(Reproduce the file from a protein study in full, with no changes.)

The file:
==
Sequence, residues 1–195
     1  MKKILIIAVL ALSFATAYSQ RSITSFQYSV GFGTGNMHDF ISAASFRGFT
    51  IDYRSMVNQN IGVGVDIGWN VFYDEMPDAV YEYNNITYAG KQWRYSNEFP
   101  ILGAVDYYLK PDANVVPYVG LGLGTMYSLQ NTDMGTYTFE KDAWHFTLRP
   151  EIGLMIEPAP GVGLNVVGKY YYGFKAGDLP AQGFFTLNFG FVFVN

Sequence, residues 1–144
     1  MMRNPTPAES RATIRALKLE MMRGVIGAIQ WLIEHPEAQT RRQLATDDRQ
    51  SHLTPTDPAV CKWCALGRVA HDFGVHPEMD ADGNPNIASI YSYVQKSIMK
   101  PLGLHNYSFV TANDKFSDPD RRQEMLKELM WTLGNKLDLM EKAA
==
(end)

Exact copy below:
Sequence, residues 1–195
     1  MKKILIIAVL ALSFATAYSQ RSITSFQYSV GFGTGNMHDF ISAASFRGFT
    51  IDYRSMVNQN IGVGVDIGWN VFYDEMPDAV YEYNNITYAG KQWRYSNEFP
   101  ILGAVDYYLK PDANVVPYVG LGLGTMYSLQ NTDMGTYTFE KDAWHFTLRP
   151  EIGLMIEPAP GVGLNVVGKY YYGFKAGDLP AQGFFTLNFG FVFVN

Sequence, residues 1–144
     1  MMRNPTPAES RATIRALKLE MMRGVIGAIQ WLIEHPEAQT RRQLATDDRQ
    51  SHLTPTDPAV CKWCALGRVA HDFGVHPEMD ADGNPNIASI YSYVQKSIMK
   101  PLGLHNYSFV TANDKFSDPD RRQEMLKELM WTLGNKLDLM EKAA